- Temporary – we read in Psalm 30:5 “Weeping remains for a night, but rejoicing comes in the morning’. This isn’t to imply that our grief will be over in around twelve hours or so, but rather – in time – and we aren’t putting a set time limit on it – but in time the bitter pain we feel at the initial loss, and the pain we feel for months later, will gradually begin to dissipate as the Lord brings healing to our broken soul.We will always love our deceased loved one, and this ‘dissipation’ of bitter pain is not a sign that we ‘no longer love them’ or that we are ‘over them’, but rather, the Lord is just healing their bitterly broken spirit. There will always be a tinge of pain, but not like it was.
But what I want to say about these verses in chapter four is really just the last part of verse thirteen, where it says: ‘….so that you do not grieve like the rest of mankind, who have no hope.’
You see, as I just said, Christians DO grieve the loss of a loved one, but we don’t grieve ‘like the rest of mankind, who have no hope’. In the previous post from Colossians I spoke about the doctrine of ‘hope’, and in the New Testament the hope that Christians have is a confident expectation that we will, without a doubt, be with the Lord Jesus after we die. Christian hope usually pertains to the confidence we have in the afterlife. It has NOTHING to do with the wish or desire ‘I hope it doesn’t rain today’.
So, what Paul is telling the Thessalonians is that they can grieve the death of their Christian brothers and sisters, but our grief is going to be, or ought to be, far less painful than those in the world who are not Christians because we know that we know that we know that our loved one is with Jesus and we will absolutely see them again when we die. BUT the world doesn’t have that assurance, because they don’t have ‘Christ in them, the hope of glory’(Colossians 1:27). Unfortunately, when unbelievers grieve, their grief could theoretically/potentially be extremely bitter because they have no assurance that their loved one is with Jesus or that they themselves will see them again in Heaven.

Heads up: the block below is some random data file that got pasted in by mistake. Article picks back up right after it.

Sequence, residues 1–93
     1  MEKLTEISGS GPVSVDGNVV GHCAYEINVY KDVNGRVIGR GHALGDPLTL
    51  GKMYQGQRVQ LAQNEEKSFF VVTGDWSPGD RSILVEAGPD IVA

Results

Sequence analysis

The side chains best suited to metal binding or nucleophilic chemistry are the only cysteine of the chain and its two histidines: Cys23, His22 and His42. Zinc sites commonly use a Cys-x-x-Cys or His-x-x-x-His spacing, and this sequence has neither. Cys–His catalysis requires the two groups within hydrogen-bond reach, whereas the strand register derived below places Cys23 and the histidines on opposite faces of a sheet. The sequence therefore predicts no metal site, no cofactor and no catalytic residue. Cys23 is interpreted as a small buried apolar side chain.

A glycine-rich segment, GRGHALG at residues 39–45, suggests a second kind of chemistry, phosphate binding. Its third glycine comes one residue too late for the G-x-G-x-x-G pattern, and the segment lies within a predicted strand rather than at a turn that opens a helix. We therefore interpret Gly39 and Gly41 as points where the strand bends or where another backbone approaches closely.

Paul goes on in this fourth chapter to speak about what happens to us when we die, or if we are alive when Christ comes back, and Paul tells the church – and you and I as believers – these things so that we can and will be encouraged and at peace with the daunting subject of the unknown – the unknown realm of death. “They” say that death is man’s greatest fear, but I think that the greatest fear is not so much with death itself, but rather with the overwhelming subconscious truth that they will stand face to face with their Creator – the King of the universe – and they will be found guilty.
This is why I love how Paul ends this fourth chapter of 1 Thessalonians (verses 17b-18):
“And so we will be with the Lord forever. Therefore encourage one another with these words.”
We will be with the Lord forever! And what are we to do with these words? Encourage one another with them! Are you encouraged? If you know Christ then you ought to be encouraged. If you don’t know Christ, then call upon Him today. And if you don’t know what it means to ‘call upon Him’, then write me soon. I’ll gladly explain it to you, and pray with you.